Thursday 18 July 2019 - Monocle Minute | Monocle

Thursday. 18/7/2019

The Monocle Minute

Image: Getty Images

Opinion / Jamie Waters

Putting your foot in it

It was day one of my summer holiday when the ribbing started. “What’s going on mate, are you a chef?” quipped my friends, gesturing at the black clogs from a famous German brand on my feet. It was my comeuppance: in London the day before I had questioned a stylist friend on her Havaianas flip-flops. I believe I said, “Are you wearing them ironically or do you actually like how they look?”

See, summer is the season of the sandals wars. Warm-weather shoes inspire more ire than most other fashion items and each year a different model dominates. Recently Adidas and Birkenstock have overrun the beaches of Europe with slides and Arizona sandals respectively. These German titans are being challenged by America’s Tevas and Japan’s Suicokes, whose riffs on the frankly hideous Reef Velcro sandals are proving popular.

Yet it looks like Brazil’s most famous fashion brand might have the next word: after a couple of years of slumping sales, Havaianas (and similar thong-sandals by other brands) are tip-toeing back into fashion. The rubber flip-flops were sported by a number of industry folk at the recent summer menswear shows, a harbinger of trends that will soon become mainstream. By next season we’ll all be shoving them into our beach totes.

Image: Getty Images

Politics / The US

Safe pair of hands?

The current US administration is woefully understaffed, from government departments to ambassadorial positions. But the hunt for a new secretary of defence – unoccupied since Jim “Mad Dog” Mattis stepped down at the end of last year – may be over. Prospective candidate Mark Esper’s Senate hearing earlier this week was uncontroversial save for an exchange where Democratic hopeful Elizabeth Warren laid into him over his previous work lobbying for defence contractor Raytheon. There are reasons to be optimistic, however: Esper’s confirmation – which could come as early as this week – may well quell the sabre-rattling over Iran. Unlike Donald Trump’s fire and fury, he has previously stated that diplomacy, rather than war, is the answer for current tensions in the Persian Gulf. That’s resulted in a few tentative sighs of relief in global diplomatic quarters, no doubt.

Image: Getty Images

Business / France

Taking its toll

The financial practices of large digital firms will be called into question today as finance ministers from the G7 nations (pictured, L-R: François Villeroy de Galhau, governor of the Bank of France; Olaf Scholz, Germany's finance minister; and Bruno Le Maire, France's finance minister) meet in Chantilly, France. A number of digital giants have made headlines recently by pushing the boundaries of ageing international tax laws, with the declaration of profits in low-tax countries a particular problem. Earlier this month France took action by introducing a levy on digital firms operating in the country, a measure that provoked the threat of legal action from the US. Despite those tensions, more than 130 countries are now thought to agree that an international overhaul is needed.

Image: Luigi Fiano

Retail / Italy

Balancing the books

Independent bookshops around the world have shown that they can survive competition from Amazon and other big chains by ramping up the quality of service – but a little help from state regulation wouldn’t go amiss. In Italy a new law has capped the discount that booksellers can apply to their titles to a maximum of 5 per cent (down from 15 per cent). The idea is to prevent larger players slashing prices in bulk. In a bid to encourage reading and book-buying in the long term, the law also includes proposals to establish libraries in all public schools and sets aside €500,000 a year for the programming of an annual “book capital city”, as well as offering tax credits for new independent retailers. Other countries would do well to take a leaf from Italy’s book.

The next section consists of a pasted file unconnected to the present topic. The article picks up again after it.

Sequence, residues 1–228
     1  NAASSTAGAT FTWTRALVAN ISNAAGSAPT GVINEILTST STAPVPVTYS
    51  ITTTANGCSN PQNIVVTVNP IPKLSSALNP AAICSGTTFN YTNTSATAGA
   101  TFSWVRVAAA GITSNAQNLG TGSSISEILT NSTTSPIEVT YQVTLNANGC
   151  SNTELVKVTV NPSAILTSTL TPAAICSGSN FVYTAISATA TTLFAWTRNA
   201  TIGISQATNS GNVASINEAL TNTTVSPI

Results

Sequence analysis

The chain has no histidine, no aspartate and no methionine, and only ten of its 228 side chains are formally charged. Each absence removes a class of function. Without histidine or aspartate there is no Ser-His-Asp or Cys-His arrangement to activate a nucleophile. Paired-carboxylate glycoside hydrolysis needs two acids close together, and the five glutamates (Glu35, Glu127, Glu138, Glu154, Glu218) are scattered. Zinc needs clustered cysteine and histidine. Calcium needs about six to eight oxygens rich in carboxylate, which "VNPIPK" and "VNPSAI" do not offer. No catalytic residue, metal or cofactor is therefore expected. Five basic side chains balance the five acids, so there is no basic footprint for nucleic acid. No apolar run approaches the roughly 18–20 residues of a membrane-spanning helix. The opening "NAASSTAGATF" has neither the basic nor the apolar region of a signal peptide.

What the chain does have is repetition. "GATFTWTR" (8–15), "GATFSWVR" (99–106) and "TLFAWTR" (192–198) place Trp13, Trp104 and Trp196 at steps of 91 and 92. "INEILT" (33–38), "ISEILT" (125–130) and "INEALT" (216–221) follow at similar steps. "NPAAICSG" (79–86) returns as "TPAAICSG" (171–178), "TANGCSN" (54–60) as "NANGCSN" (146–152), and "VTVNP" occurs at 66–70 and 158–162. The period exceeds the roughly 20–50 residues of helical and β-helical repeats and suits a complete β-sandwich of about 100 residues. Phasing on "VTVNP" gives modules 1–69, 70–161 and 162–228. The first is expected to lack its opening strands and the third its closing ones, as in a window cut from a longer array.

Image: Getty Images

Business / Japan

Rain, rain go away

In 2018 there was talk of a deadly heatwave but this year Japan’s summer has been a washout. An unusually long rainy season has been the culprit; beaches, beer gardens and swimming pools are deserted. Until Tuesday the Tokyo metropolitan area had enjoyed fewer than three hours of sunshine per day for 20 days running; it’s the longest streak since the Japan Meteorological Agency started collecting such data in 1961. Businesses are counting the cost too: electricity consumption is down and vegetable-growers are reporting that their crops are pallid due to a lack of sunlight. Sales of ice cream and beer, in particular, have slumped too. Some businesses, however, are benefitting from the poor weather: sales of dehumidifiers and futon driers have reportedly doubled since last year. Evidence points to more extreme weather in the future – retailers who rely on seasonal sales will have to learn to adapt.

M24 / The Entrepreneurs


Graeme and Christopher Raeburn are the brothers behind Raeburn, the east London fashion studio whose “remade, reduced, recycled” ethos is a benchmark for sustainable design. After a decade as head of design at cycling brand Rapha, Graeme returned to the company. Then earlier this year, to mark the 10th anniversary of Christopher’s first Remade collection – a series of pieces crafted from a single recycled parachute – the Christopher Raeburn label became simply Raeburn.

Monocle Films / Quality of Life Survey

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